The High Court in London has ruled that women from Northern Ireland are not legally entitled to receive free abortions in England under the NHS.
The High Court was hearing a case brought by a 17-year-old girl and her mother, both from Northern Ireland, who hoped to come to the mainland to receive an abortion on the NHS.
Abortions are not widely available in Northern Ireland and are only offered in extreme circumstances when there is a serious threat to the life of the mother.
As a result of Northern Ireland's tough rules, more than 1000 women travel across the Irish Sea to England to seek an abortion. It is estimated that the total cost including the transport, accommodation and the cost of the procedure is around £900.
The girl was just 15 when she fell pregnant back in 2012. She travelled with her mother to England to have an abortion. The court heard that her mother had to scrape together the money to pay for the trip.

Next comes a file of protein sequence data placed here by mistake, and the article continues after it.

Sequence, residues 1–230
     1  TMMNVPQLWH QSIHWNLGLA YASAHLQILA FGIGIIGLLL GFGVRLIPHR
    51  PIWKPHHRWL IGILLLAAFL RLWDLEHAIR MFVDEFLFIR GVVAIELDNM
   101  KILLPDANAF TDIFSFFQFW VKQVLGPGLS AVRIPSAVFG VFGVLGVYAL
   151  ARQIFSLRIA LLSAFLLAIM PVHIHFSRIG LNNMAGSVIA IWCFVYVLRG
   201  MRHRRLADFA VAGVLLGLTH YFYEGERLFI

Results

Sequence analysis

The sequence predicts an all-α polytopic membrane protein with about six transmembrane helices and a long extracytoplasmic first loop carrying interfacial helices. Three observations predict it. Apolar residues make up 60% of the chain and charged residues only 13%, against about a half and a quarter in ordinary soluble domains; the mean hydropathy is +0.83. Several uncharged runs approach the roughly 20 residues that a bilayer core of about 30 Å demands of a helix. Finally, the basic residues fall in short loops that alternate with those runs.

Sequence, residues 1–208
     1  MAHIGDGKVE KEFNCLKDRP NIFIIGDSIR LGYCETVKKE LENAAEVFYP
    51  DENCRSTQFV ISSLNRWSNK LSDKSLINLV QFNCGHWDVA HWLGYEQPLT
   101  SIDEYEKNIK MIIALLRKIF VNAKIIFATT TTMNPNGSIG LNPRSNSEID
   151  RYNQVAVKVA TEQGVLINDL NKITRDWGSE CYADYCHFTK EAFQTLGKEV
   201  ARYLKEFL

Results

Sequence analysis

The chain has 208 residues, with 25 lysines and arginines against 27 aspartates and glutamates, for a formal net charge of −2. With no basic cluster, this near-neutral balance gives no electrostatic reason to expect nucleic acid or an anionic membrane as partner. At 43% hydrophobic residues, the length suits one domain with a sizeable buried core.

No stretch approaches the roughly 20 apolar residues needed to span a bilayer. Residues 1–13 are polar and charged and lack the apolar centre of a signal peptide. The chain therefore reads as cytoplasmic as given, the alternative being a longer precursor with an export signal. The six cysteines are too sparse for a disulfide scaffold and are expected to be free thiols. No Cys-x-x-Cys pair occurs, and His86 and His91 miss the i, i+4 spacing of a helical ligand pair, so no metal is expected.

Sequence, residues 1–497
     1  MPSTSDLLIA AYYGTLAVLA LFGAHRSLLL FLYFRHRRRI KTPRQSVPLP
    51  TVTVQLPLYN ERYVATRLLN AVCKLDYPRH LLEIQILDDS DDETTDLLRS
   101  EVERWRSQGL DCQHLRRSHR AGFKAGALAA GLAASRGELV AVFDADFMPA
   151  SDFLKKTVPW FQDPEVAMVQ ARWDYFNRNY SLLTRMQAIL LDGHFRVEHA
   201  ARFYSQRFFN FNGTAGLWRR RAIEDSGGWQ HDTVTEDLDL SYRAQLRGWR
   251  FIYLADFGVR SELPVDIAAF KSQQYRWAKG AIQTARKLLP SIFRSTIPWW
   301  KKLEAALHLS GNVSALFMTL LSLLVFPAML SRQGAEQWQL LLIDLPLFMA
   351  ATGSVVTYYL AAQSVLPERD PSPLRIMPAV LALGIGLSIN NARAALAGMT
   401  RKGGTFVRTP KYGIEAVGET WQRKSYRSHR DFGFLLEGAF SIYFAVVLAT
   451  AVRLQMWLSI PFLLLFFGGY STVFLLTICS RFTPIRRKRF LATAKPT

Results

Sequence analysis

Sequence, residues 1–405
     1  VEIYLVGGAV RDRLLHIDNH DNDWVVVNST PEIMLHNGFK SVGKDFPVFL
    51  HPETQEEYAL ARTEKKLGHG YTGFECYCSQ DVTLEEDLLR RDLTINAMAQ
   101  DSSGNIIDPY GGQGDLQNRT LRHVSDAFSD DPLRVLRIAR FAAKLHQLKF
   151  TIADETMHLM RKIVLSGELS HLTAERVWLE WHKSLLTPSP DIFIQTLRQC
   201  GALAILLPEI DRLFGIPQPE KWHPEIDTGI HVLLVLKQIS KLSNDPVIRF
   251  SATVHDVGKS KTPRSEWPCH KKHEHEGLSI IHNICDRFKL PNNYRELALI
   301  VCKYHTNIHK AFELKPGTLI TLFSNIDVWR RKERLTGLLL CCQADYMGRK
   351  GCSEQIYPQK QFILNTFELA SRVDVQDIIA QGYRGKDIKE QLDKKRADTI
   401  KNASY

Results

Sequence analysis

The girl had hoped that her case, that she was discriminated against by the NHS's policy on payment of abortions for Northern Ireland citizens, would result in the cost of her abortion being met by the UK Government.
However, the judge ruled that the issue of abortion could not be one of discrimination, as Northern Ireland is not covered by the Abortion Act 1967, and therefore the issue of abortion is one for the devolved parliament at Stormont.
Angela Jackman is the lawyer representing the young girl.
"This is an important issue for thousands of women in Northern Ireland, and there have been recent calls in Parliament for changes in the law," she said.
"Why should women from Northern Ireland have to pay for this health service in England despite being UK citizens?" she added.
She said that she intended to take the case to the Court of Appeal.